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Despite being the smallest state in Myanmar, Kayah is mighty in size when it comes to diversity and amazing travel experience. Closed from visitors for nearly 50 years, the state’s reopening has allowed it to flourish as a hidden gem of Myanmar that shines with authenticity. Kayah is home to nine different ethnic groups, giving ample opportunities for tourists to discover the cultures and heritages. The most distinctive tribes are Kayah and Kayan. The Kayah people are known to dress in bright and red-coloured attire while the Kayans are easily recognized from the brass rings they wear on their neck. The humble town provides warm local hospitality and memorable hands-on experiences with the tribes through the Community-Based Tourism initiatives. Locals are more than happy to share their expertise and knowledge in various skills with tourists.

Origin: Kayah has different types of tribes like Kayah, Kayan, Bre, Lahta, and Yinbaw. The people in the state practise Buddhism, Christianity and animism. The Kayah people speak Kayah Li, Myanmar/Burmese and limited English.

Geography: Kayah has a mountainous landscape and is located on the east side of Myanmar. The borders of this state are Shan State, Kayin State and Thailand. The state size is 11,731.5 sq km/4,529.6 sq mi. The highlands are generally wet and mildly hot whereas the lower areas have tropical and monsoon climates.

Interesting Facts: Kayah people are animists and believe in spirits. There is a hydroelectric production dam in Kayah called ‘Lawpita Dam’. Women in the Kayah group (Red Karen) still wear brass rings around their neck.

Handicrafts play a huge role in the domestic, artistic and spiritual life of the Kayah people. The locals craft bamboos and woods into fully-functional musical instruments and are highly skilled with each of their crafts. They are most famous for making the “kaloe” or bamboo guitars. Bamboo baskets and purses produced by the villagers are usually bought as souvenirs. The locals are also known to be excellent weavers. Their fabrics are coloured with natural dyes and weaved on a loom, producing vivid-coloured scarves that are perfect as souvenirs. Frog drums are considered to be auspicious and sacred to all the villagers. The bronze, mushroom-shaped instrument is made of bronze and is only played during special occasions. Bamboos and woods are also made into cooking utensils and household items and the villagers also make jewellery out of brass and synthetic stones. These show how well the villagers could sustain on their own due to their expertise in crafting useful items.

The diverse ethnic groups found in Kayah State are actually branched out from Karen culture and the largest tribal groups are the Kayah, Kayan, Bre, Lahta and Yinbaw. Authentic traditions and customs are earnestly passed down for generations. As a result, most of the tribe people still dress in traditional clothes, most notably the Kayah and Kayan tribes. Both ethnic groups are easily identified as the Kayahs always dress in red while the Kayan people still wear brass neck rings. The Kayan tribe is widely acknowledged as the most recognisable ethnic group in South-east Asia due to their elongated necks as a result of wearing the neck rings. The Kayah people were once devout animists who engage in the ‘Kayhtoboe’ ritual. In this ritual, tribe members pay respects to spirits by offering animals and food in exchange for protection. However, the tribe’s animism culture has ceased over the years and is no longer widely practised.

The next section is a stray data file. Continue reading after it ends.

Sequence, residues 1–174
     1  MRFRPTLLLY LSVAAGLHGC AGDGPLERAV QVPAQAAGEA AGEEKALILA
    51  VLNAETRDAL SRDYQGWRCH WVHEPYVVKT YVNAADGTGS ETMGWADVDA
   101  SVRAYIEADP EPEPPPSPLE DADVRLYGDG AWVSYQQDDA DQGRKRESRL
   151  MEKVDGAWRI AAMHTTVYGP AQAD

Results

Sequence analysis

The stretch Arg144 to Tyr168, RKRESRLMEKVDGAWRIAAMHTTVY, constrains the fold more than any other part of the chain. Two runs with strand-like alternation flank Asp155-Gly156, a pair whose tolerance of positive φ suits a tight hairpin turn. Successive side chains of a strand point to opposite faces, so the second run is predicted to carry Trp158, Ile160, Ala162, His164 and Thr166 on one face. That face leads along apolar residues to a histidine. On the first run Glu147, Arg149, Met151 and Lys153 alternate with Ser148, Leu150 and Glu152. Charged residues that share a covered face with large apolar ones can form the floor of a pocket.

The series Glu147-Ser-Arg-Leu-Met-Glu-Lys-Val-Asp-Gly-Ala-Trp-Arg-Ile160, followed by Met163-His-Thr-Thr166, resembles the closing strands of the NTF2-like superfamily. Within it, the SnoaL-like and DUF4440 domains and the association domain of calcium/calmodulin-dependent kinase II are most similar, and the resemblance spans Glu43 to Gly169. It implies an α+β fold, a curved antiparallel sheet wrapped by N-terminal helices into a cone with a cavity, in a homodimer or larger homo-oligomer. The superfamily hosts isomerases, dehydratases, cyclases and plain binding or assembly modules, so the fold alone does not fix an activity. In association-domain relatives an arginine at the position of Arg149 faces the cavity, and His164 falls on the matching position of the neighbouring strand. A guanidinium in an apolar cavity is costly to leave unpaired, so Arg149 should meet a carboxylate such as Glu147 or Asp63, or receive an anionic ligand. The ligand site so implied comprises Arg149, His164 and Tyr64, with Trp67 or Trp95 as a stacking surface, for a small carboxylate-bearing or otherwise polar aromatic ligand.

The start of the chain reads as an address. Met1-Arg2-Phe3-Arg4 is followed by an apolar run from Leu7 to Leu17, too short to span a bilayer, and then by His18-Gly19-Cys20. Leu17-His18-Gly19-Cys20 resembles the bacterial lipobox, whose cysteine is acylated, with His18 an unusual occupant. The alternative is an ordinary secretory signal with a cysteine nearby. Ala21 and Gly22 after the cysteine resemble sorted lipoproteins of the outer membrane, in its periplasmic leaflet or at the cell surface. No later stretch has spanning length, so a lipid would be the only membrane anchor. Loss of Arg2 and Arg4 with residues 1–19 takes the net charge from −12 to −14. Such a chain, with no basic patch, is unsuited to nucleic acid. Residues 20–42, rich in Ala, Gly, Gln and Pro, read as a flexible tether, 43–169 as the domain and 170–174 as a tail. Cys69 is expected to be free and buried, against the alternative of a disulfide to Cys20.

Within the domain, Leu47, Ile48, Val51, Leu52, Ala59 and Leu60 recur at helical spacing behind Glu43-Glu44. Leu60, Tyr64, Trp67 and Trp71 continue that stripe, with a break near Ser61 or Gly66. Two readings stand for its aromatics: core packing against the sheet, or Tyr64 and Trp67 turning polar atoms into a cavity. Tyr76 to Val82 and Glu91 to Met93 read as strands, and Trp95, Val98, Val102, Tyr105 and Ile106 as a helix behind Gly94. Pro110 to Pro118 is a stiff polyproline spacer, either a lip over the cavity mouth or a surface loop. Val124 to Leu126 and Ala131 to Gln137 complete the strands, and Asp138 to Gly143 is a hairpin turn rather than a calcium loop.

Tourists get to experience the warm hospitality of the locals while witnessing their passion in showcasing the state’s rituals, crafts, and music. As some of the locals practise animism (a belief that all natural things have spirits), tourists get to visit animist temples and visit sacred totems that could be found there. They can also witness how shamans hunt, experience shooting a catapult, and taste delicacies found in the state. Tourists can engage in activities that revolve around the heritage beliefs of the locals regarding legendary forest skills. Locals guide visitors to trek forests on natural trails, have jungle picnics and participate in barbeque meals by the lakes, just like the natives. These set of activities enable the locals to continue with their native practices, as well as allowing tourists to experience the authentic lifestyles of the locals.

Loikaw The Shan people named the capital city of Kayah as Loikaw (‘loi’/mountain and ‘kaw’/separate) which represents the middle point between Shwe Taung and Thiri Mingalar Taung mountains. Loikaw is famous for Taung Kwe Pagoda, a site that offers a picturesque view of the capital city’s landscape. Tourists also come to Loikaw to visit museums, churches and browse traditional craft in busy markets.